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PinkMonkey.com Digital Library - PinkMonkey.com-Walden by Henry David Thoreau


and filth. Like many of my contemporaries, I had rarely for many
years used animal food, or tea, or coffee, etc.; not so much because
of any ill effects which I had traced to them, as because they were
not agreeable to my imagination. The repugnance to animal food is
not the effect of experience, but is an instinct. It appeared more
beautiful to live low and fare hard in many respects; and though I
never did so, I went far enough to please my imagination. I believe
that every man who has ever been earnest to preserve his higher or
poetic faculties in the best condition has been particularly inclined to
abstain from animal food, and from much food of any kind. It is a
significant fact, stated by entomologists-I find it in Kirby and
Spence-that "some insects in their perfect state, though furnished
with organs of feeding, make no use of them"; and they lay it down
as "a general rule, that almost all insects in this state eat much less
than in that of larvae. The voracious caterpillar when transformed
into a butterfly... and the gluttonous maggot when become a fly"
content themselves with a drop or two of honey or some other sweet
liquid. The abdomen under the wings of the butterfly stir represents
the larva. This is the tidbit which tempts his insectivorous fate. The
gross feeder is a man in the larva state; and there are whole nations
in that condition, nations without fancy or imagination, whose vast
abdomens betray them.

It is hard to provide and cook so simple and clean a diet as will not
offend the imagination; but this, I think, is to be fed when we feed
the body; they should both sit down at the same table. Yet perhaps
this may be done. The fruits eaten temperately need not make us
ashamed of our appetites, nor interrupt the worthiest pursuits. But
put an extra condiment into your dish, and it will poison you. It is
not worth the while to live by rich cookery. Most men would feel
shame if caught preparing with their own hands precisely such a
dinner, whether of animal or vegetable food, as is every day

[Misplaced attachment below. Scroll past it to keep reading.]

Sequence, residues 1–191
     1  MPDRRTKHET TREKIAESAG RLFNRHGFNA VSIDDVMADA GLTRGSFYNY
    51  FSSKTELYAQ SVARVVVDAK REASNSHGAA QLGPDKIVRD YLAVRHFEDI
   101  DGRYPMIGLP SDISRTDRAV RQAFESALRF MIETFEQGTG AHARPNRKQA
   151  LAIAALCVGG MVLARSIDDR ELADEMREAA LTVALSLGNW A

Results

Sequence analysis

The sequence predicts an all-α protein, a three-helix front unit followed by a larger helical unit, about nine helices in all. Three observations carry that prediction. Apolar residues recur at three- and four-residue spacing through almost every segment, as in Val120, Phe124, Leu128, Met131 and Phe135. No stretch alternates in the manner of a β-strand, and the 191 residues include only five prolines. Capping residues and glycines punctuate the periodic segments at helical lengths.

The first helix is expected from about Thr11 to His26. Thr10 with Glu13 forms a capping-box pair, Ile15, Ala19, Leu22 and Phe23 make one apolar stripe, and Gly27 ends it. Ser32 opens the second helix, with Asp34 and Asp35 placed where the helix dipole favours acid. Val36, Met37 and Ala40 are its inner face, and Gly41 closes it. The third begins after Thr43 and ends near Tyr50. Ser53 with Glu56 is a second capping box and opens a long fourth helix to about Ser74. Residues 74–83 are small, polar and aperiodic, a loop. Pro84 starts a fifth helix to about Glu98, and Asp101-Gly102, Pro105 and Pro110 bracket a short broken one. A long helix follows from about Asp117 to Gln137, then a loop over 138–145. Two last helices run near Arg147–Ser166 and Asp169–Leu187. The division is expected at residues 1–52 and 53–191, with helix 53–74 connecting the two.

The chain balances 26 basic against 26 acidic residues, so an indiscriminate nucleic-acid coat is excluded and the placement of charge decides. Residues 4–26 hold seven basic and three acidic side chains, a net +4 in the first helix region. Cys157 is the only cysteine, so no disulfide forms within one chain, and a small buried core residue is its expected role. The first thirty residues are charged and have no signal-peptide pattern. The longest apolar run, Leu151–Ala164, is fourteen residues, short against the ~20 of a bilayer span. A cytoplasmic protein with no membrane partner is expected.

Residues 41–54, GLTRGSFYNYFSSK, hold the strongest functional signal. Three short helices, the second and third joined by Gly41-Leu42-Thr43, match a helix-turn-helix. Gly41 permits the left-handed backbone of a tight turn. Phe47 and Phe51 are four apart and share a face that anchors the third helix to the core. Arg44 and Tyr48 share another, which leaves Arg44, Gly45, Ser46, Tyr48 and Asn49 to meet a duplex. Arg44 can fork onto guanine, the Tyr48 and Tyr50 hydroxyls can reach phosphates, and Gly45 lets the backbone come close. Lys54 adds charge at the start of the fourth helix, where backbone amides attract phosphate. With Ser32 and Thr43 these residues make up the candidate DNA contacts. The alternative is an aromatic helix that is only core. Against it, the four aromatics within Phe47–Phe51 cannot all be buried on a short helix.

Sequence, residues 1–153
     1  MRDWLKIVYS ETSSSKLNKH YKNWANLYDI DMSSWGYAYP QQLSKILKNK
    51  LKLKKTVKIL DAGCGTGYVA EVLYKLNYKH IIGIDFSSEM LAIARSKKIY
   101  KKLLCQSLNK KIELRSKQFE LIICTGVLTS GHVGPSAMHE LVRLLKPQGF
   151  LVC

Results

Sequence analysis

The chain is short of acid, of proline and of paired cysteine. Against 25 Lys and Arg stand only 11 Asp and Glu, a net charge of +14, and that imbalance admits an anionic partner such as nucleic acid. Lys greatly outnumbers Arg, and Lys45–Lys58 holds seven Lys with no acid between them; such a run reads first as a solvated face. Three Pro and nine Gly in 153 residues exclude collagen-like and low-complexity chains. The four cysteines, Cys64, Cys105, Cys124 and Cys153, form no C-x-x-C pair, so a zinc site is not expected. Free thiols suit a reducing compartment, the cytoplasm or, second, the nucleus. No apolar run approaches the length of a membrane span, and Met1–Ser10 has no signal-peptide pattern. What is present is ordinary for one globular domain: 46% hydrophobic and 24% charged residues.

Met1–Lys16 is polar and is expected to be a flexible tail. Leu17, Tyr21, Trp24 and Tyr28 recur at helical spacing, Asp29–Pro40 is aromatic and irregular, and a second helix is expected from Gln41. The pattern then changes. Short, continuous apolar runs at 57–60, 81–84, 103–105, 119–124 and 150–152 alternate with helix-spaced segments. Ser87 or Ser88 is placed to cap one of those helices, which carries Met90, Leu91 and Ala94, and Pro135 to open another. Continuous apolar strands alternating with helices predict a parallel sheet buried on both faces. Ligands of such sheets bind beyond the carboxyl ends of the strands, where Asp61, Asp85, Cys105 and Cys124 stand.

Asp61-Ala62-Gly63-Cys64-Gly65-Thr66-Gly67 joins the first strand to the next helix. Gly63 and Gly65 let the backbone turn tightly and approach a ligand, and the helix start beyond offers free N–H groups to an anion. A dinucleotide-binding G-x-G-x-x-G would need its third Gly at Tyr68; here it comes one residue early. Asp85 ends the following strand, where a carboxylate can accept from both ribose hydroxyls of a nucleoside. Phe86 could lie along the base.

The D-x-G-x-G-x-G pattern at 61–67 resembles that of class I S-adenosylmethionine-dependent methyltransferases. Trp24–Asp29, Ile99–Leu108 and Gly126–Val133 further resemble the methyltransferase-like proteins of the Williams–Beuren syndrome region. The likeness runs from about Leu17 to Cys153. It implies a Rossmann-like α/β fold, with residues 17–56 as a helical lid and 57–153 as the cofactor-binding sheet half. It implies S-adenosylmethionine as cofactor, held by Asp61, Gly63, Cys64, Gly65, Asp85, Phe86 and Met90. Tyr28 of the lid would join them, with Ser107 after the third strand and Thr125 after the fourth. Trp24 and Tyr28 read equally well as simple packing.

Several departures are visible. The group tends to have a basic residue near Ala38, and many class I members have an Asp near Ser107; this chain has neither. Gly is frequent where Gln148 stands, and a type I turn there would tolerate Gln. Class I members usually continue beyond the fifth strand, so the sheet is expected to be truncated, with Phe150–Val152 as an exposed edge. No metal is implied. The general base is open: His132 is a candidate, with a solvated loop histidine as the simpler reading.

prepared for them by others. Yet till this is otherwise we are not
civilized, and, if gentlemen and ladies, are not true men and women.
This certainly suggests what change is to be made. It may be vain to
ask why the imagination will not be reconciled to flesh and fat. I am
satisfied that it is not. Is it not a reproach that man is a carnivorous
animal? True, he can and does live, in a great measure, by preying
on other animals; but this is a miserable way-as any one who will go
to snaring rabbits, or slaughtering lambs, may learn-and he will be
regarded as a benefactor of his race who shall teach man to confine
himself to a more innocent and wholesome diet. Whatever my own
practice may be, I have no doubt that it is a part of the destiny of the
human race, in its gradual improvement, to leave off eating animals,
as surely as the savage tribes have left off eating each other when
they came in contact with the more civilized.

If one listens to the faintest but constant suggestions of his genius,
which are certainly true, he sees not to what extremes, or even
insanity, it may lead him; and yet that way, as he grows more
resolute and faithful, his road lies. The faintest assured objection
which one healthy man feels will at length prevail over the
arguments and customs of mankind. No man ever followed his
genius till it misled him. Though the result were bodily weakness,
yet perhaps no one can say that the consequences were to be
regretted, for these were a life in conformity to higher principles. If
the day and the night are such that you greet them with joy, and life
emits a fragrance like flowers and sweet-scented herbs, is more
elastic, more starry, more immortal-that is your success. All nature is
your congratulation, and you have cause momentarily to bless
yourself. The greatest gains and values are farthest from being
appreciated. We easily come to doubt if they exist. We soon forget
them. They are the highest reality. Perhaps the facts most astounding
and most real are never communicated by man to man. The true
harvest of my daily life is somewhat as intangible and indescribable
as the tints of morning or evening. It is a little star-dust caught, a
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PinkMonkey.com Digital Library - PinkMonkey.com-Walden by Henry David Thoreau



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